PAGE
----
The "Star Trek" prequel
By CBSNews.com producer David Morgan
Its 5-Year Mission ... Uh, Make That 3Despite being cancelled by NBC after three seasons, "Star Trek" endured in syndication, eventually spawning movies and several other TV series. The challenge facing filmmakers trying to reboot the franchise with this latest film is capturing the memorable characters, spirit and humor of the original.
James T. Kirk"Jim Kirk was many things, but he was never a Boy Scout," was one apt description for the captain of the Starship Enterprise, who boldly led his crew to the cosmos and beyond. Filling William Shatner's chair is Chris Pine, who played a Lord in "The Princess Diaries 2."
Mr. SpockZachary Quinto ("Heroes," "24") steps into the shoes (and ears) of Leonard Nimoy as Mr. Spock, the half-human/half-Vulcan science officer. Spock was the series' most indelible creation: A character whose pride at suppressing his emotions betrayed an inner battle between his human and Vulcan virtues.
Dr. McCoyAs portrayed by DeForest Kelley, Leonard "Bones" McCoy was the curmudgeonly ship's doctor who was often a voice of emotion and caution vs. Spock's reason. McCoy is played by New Zealand actor Karl Urban, best known from the "Lord of the Rings" trilogy.
UhuraThe character of Uhura, the ship's communications officer (Nichelle Nichols), was groundbreaking for 1960s television. Zoe Saldana (who played a Trekkie in the Spielberg comedy "The Terminal") gets to play a real Trekker, earpiece and all.
ScottyChief Engineer Montgomery Scott was the most irrepressible of the Enterprise crew in terms of his love for the ship. James Doohan made the "Miracle Worker"'s ability to deliver the impossible entirely plausible. In the film, Scotty is played by actor/writer Simon Pegg, known for comedies like "Shaun of the Dead."
SuluJohn Cho is taking over the role of helmsman Hikaru Sulu, whom George Takei portrayed as not only an unflappable crewman but also a mean swordsman.
ChekovWalter Koenig's entrance as Russian crewmember Pavel Chekov during the TV series' second season was aimed at drawing younger viewers (the kind attracted to Davy Jones of The Monkees). The young Chekov is played by Anton Yelchin, who may be recognized by viewers of "Huff" and will be even more visible in this summer's "Terminator Salvation."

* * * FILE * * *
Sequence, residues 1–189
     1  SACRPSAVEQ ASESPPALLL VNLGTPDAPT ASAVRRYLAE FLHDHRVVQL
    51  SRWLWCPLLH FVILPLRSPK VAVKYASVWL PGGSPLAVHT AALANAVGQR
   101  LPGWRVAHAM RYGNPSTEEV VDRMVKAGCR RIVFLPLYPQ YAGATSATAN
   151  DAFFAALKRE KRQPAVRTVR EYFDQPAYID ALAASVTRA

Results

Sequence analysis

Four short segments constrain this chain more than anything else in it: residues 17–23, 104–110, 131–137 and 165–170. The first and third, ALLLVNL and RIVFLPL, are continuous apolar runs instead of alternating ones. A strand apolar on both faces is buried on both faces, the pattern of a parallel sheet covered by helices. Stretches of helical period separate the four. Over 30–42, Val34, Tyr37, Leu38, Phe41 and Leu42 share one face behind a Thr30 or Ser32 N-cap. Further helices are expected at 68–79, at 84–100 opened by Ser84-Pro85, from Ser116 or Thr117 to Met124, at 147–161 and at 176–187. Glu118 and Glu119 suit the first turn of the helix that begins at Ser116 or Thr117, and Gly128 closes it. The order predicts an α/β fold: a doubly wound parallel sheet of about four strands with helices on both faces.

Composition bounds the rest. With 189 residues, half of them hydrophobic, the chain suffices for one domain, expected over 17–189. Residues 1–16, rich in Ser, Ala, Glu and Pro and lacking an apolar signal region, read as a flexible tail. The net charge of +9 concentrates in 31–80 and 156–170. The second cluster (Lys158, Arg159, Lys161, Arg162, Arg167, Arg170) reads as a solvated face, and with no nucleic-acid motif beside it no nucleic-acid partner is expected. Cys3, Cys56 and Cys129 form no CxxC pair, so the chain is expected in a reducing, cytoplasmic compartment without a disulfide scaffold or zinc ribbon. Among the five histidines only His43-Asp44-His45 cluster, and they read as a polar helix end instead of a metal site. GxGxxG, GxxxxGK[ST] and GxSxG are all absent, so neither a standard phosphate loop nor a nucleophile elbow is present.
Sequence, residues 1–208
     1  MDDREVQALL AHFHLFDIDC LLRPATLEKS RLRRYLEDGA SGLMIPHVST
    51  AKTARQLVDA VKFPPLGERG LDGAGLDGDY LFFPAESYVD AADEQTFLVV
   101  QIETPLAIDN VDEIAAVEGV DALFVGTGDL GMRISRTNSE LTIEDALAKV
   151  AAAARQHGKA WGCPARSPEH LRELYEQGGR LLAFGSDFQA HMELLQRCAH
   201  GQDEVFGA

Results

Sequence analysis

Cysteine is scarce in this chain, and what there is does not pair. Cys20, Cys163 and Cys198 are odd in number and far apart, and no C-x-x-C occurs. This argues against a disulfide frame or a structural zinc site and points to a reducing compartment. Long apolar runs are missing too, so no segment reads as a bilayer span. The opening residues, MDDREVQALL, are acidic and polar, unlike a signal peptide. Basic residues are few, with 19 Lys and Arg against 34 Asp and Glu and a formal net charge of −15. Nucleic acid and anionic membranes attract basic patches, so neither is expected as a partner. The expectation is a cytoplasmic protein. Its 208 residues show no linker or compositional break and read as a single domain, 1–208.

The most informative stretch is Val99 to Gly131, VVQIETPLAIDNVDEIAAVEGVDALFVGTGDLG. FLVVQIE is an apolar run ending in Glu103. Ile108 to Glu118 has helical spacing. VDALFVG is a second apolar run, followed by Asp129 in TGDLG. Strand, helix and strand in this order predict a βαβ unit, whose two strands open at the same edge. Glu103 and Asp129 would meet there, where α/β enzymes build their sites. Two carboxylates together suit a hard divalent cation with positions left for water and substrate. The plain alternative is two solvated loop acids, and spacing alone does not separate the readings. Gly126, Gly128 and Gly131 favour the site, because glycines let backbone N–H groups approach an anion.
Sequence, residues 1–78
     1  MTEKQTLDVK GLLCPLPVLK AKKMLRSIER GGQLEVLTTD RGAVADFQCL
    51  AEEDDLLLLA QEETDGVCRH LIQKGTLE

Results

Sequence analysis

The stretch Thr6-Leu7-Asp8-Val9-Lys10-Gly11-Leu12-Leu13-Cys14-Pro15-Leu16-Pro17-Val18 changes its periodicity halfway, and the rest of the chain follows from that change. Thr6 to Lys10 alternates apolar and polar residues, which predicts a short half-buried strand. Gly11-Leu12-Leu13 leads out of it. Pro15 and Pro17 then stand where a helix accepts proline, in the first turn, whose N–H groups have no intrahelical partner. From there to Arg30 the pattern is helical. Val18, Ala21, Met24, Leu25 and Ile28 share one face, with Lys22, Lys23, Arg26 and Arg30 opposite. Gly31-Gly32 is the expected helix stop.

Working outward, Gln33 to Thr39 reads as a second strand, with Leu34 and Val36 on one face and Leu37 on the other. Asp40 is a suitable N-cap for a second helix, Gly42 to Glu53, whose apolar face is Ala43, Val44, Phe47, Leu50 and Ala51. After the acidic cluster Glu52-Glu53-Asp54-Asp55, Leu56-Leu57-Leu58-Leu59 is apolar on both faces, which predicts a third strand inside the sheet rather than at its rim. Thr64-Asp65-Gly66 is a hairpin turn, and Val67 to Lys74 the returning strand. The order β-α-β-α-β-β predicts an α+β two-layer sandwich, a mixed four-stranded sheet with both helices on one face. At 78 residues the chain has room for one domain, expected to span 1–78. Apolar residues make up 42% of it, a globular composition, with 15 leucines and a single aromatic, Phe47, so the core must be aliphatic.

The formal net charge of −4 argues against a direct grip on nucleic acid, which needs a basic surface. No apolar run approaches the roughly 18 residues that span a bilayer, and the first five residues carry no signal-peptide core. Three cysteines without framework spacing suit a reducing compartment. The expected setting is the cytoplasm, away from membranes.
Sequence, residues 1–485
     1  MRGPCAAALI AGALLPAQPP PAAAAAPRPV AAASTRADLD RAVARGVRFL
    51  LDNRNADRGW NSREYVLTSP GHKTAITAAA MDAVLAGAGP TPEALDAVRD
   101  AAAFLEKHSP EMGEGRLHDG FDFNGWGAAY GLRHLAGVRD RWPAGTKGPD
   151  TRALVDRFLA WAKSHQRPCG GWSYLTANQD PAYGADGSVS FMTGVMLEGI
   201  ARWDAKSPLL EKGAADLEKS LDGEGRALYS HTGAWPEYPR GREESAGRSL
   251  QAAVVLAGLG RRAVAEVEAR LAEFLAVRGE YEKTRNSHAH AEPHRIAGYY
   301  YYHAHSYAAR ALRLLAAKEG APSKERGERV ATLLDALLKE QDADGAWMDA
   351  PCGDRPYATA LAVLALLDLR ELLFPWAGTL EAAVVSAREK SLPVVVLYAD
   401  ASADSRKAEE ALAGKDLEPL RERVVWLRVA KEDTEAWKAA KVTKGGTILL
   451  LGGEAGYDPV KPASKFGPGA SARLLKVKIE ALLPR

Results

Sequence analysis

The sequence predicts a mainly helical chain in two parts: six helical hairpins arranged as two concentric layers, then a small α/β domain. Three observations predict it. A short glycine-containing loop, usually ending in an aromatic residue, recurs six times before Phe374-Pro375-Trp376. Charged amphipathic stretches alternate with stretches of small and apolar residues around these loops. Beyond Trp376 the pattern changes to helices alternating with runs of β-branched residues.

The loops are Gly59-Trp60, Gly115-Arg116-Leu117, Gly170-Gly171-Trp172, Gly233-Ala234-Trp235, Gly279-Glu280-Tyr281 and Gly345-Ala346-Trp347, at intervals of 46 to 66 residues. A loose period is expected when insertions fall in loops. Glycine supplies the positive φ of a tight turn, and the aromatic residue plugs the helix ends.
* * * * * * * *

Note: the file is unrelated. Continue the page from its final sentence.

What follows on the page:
Christopher PikeWhen Gene Roddenberry filmed the first pilot for "Star Trek" in 1964, the Enterprise's captain was Christopher Pike (Jeffrey Hunter). The pilot went unsold, and most of the cast was replaced when a second pilot was shot. In the new film, Pike is played by Bruce Greenwood (who played JFK in "Thirteen Days").
KelvinPike helps set the stage for the prequel, as he tells young James Kirk the story of how Kirk's father had died a hero years earlier while saving hundreds on the USS Kelvin.
Rebel Who Finds A CauseBy imagining the genesis of the Enterprise crew, the filmmakers focus on young Kirk, a disaffected youth from Iowa who trains his sights on a Starfleet assignment.
Dynamic DuoKirk's initially-rocky relationship with Spock warms as the two graduate from Starfleet Academy and go forth on their first mission.
Directing The CrewDirector J.J. Abrams' credits include TV's "Lost" and "Alias" and the film "Mission: Impossible III." Growing up, Abrams was not a major-league fan of the series, but by creating an origin story for Kirk and Spock, he could avoid being married to the orthodoxy of the Trek universe, giving him the leeway necessary to reboot the franchise, much as "Casino Royale" successfully rebooted James Bond.
USS EnterpriseThe film's designers were given carte blanche to re-envision the USS Enterprise, giving it what one effects supervisor at Industrial Light & Magic called "a hot rod look." Though similar in feel, the ship now incorporates, for example, moving parts as it goes into warp drive.
Aliens!The filmmakers were brave to buck Trek fans' notorious adherance to Trek history; the film introduces the villainous Romulans long before they actually crossed paths with the Federation, according to the accepted Trek canon. (Left: Eric Bana as Nero; right, Mark Lenard in the 1966 episode "Balance Of Terror.")
Beats A '60s TV Budget By FarThe goal was to create an adventure that would attract those new to "Star Trek," and yet not alienate the fan base. The balance of big-screen grandeur and character drama, therefore, was key.
Space ... The Final Frontier"None of the visual effects spectacle would matter if you didn't care about and believe those characters," director Abrams said.
By CBSNews.com producer David Morgan